JPB Foundation Funded Study Shows More Than Half Of US Children Will Be Obese By 35
If current trends in child obesity continue, more than 57% of today’s children in the U.S. will have obesity at age 35, according to a new study from Harvard T.H. Chan School of Public Health.
The study also found that excess weight in childhood is predictive of adult obesity, even among young children, and that only children currently at a healthy weight have less than a 50% chance of having obesity as adults. The findings were based on a rigorous simulation model that provides the most accurate predictions to date of obesity prevalence at various ages.
The study was published in the November 30, 2017 issue of the New England Journal of Medicine.
“Adult obesity is linked with increased risk of diseases such as diabetes, heart disease, and cancer,” said Zachary Ward, programmer/analyst at Harvard Chan School’s Center for Health Decision Science and lead author of the study. “Our findings highlight the importance of prevention efforts for all children as they grow up, and of providing early interventions for children with obesity to minimize their risk of serious illness in the future.”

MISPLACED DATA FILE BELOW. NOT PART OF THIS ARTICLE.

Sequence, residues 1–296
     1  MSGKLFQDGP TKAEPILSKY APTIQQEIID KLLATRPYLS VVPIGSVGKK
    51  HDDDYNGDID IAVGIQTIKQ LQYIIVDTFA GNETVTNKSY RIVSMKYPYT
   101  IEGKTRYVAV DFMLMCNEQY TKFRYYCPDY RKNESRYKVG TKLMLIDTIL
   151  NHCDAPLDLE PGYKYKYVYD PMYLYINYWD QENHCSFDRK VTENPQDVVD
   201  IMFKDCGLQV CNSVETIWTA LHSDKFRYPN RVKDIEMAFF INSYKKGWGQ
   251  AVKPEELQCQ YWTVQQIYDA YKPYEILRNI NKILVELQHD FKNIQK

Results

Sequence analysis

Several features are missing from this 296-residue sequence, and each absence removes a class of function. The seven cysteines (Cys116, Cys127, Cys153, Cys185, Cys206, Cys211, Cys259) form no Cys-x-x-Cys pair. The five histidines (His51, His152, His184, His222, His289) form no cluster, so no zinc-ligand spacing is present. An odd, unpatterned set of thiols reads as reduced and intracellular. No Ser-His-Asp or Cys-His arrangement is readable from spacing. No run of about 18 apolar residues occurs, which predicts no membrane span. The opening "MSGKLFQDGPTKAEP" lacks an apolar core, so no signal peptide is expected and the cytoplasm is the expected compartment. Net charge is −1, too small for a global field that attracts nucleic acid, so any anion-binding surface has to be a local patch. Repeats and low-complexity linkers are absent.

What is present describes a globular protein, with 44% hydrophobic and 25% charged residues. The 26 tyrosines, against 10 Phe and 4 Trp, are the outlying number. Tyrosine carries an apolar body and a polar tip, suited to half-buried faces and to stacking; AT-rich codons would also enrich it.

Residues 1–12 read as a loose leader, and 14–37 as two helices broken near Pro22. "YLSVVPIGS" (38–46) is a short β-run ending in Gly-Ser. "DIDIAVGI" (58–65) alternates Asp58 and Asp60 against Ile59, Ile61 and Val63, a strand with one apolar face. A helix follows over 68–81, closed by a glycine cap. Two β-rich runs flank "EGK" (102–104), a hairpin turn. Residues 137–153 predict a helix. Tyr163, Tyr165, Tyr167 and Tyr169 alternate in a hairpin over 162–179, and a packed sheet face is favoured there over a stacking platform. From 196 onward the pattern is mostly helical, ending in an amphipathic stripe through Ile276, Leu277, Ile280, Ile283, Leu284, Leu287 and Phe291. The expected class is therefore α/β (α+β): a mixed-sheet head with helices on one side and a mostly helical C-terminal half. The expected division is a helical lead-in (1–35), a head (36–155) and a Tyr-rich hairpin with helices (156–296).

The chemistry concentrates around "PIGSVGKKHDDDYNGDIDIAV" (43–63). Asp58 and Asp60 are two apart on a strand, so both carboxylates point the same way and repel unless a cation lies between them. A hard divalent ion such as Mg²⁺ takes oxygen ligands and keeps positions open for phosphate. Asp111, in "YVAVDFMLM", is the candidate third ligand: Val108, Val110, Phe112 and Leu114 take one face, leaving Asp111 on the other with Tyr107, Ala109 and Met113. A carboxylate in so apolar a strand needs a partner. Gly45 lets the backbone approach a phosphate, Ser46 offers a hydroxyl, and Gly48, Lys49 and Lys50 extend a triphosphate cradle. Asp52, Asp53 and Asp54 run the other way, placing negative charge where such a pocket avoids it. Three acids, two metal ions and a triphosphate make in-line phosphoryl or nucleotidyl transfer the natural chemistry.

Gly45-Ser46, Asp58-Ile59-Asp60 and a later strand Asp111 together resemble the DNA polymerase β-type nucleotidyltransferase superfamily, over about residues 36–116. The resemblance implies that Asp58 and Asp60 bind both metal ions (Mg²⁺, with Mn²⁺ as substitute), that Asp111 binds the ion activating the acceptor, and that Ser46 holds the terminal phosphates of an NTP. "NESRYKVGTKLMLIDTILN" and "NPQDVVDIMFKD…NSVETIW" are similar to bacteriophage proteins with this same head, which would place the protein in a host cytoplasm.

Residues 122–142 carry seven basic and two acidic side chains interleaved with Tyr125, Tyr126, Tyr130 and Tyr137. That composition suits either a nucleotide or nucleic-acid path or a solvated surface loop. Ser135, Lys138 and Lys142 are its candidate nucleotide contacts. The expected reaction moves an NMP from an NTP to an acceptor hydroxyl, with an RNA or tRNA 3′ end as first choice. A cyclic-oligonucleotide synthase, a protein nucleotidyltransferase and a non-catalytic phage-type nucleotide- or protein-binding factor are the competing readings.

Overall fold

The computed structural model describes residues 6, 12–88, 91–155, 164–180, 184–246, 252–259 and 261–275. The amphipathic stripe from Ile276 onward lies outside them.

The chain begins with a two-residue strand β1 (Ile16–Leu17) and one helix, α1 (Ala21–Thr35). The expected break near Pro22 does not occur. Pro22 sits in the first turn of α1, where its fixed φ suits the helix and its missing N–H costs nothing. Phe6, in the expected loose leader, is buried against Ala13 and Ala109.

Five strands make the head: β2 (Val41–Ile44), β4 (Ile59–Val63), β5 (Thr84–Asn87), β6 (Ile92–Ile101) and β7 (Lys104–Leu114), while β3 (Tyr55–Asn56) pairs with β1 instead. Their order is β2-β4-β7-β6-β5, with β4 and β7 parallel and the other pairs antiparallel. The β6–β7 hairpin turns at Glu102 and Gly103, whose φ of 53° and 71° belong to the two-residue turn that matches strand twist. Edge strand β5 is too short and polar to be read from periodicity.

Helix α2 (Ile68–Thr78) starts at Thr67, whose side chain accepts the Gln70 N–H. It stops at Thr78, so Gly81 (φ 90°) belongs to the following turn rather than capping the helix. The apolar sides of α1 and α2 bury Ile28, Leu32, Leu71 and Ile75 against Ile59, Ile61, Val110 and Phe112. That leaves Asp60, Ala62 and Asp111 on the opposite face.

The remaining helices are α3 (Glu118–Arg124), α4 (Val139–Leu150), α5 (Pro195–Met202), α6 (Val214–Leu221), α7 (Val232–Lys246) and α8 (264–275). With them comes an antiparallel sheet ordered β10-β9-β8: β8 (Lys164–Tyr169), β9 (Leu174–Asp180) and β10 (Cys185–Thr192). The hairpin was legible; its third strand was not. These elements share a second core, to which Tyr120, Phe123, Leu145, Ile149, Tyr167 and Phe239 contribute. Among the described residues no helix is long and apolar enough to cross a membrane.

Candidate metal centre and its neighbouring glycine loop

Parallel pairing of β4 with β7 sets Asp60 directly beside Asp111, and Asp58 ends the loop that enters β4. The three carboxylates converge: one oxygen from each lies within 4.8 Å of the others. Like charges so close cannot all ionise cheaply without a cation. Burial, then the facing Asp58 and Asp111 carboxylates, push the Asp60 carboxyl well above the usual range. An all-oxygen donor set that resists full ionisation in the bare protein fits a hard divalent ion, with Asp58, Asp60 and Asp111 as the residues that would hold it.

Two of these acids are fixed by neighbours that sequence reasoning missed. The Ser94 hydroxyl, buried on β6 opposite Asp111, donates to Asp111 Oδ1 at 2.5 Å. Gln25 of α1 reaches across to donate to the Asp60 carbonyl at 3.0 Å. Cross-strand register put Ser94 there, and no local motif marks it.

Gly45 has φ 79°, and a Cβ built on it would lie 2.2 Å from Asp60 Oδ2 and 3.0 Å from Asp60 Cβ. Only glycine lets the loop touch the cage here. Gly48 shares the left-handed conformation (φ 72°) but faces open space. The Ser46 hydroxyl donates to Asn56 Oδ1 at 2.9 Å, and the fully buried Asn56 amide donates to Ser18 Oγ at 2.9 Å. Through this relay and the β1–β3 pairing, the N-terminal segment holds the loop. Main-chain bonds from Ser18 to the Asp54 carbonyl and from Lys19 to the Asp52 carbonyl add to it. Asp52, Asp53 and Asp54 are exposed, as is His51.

The researchers used new computational methods and a novel statistical approach to account for long-term population-level trends in weight gain. They pooled height and weight data from five nationally representative longitudinal studies of 41,567 children and adults. Using these data, they created 1,000 virtual populations of 1 million children up to age 19 that were representative of the 2016 U.S. population. They then projected height and weight trajectories from childhood to age 35...